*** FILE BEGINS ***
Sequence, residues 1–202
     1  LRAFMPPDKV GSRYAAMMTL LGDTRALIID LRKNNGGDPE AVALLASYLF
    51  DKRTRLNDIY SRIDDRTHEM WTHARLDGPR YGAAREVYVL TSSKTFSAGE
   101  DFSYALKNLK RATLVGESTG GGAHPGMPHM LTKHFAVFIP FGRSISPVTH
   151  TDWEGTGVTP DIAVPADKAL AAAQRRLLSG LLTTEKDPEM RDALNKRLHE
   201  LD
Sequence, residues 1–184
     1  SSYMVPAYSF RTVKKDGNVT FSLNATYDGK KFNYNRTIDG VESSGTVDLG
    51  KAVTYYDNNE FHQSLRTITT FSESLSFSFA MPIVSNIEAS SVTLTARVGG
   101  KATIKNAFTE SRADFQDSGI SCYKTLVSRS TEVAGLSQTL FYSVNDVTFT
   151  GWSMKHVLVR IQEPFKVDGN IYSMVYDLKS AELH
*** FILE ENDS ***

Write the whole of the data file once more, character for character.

Sequence, residues 1–202
     1  LRAFMPPDKV GSRYAAMMTL LGDTRALIID LRKNNGGDPE AVALLASYLF
    51  DKRTRLNDIY SRIDDRTHEM WTHARLDGPR YGAAREVYVL TSSKTFSAGE
   101  DFSYALKNLK RATLVGESTG GGAHPGMPHM LTKHFAVFIP FGRSISPVTH
   151  TDWEGTGVTP DIAVPADKAL AAAQRRLLSG LLTTEKDPEM RDALNKRLHE
   201  LD
Sequence, residues 1–184
     1  SSYMVPAYSF RTVKKDGNVT FSLNATYDGK KFNYNRTIDG VESSGTVDLG
    51  KAVTYYDNNE FHQSLRTITT FSESLSFSFA MPIVSNIEAS SVTLTARVGG
   101  KATIKNAFTE SRADFQDSGI SCYKTLVSRS TEVAGLSQTL FYSVNDVTFT
   151  GWSMKHVLVR IQEPFKVDGN IYSMVYDLKS AELH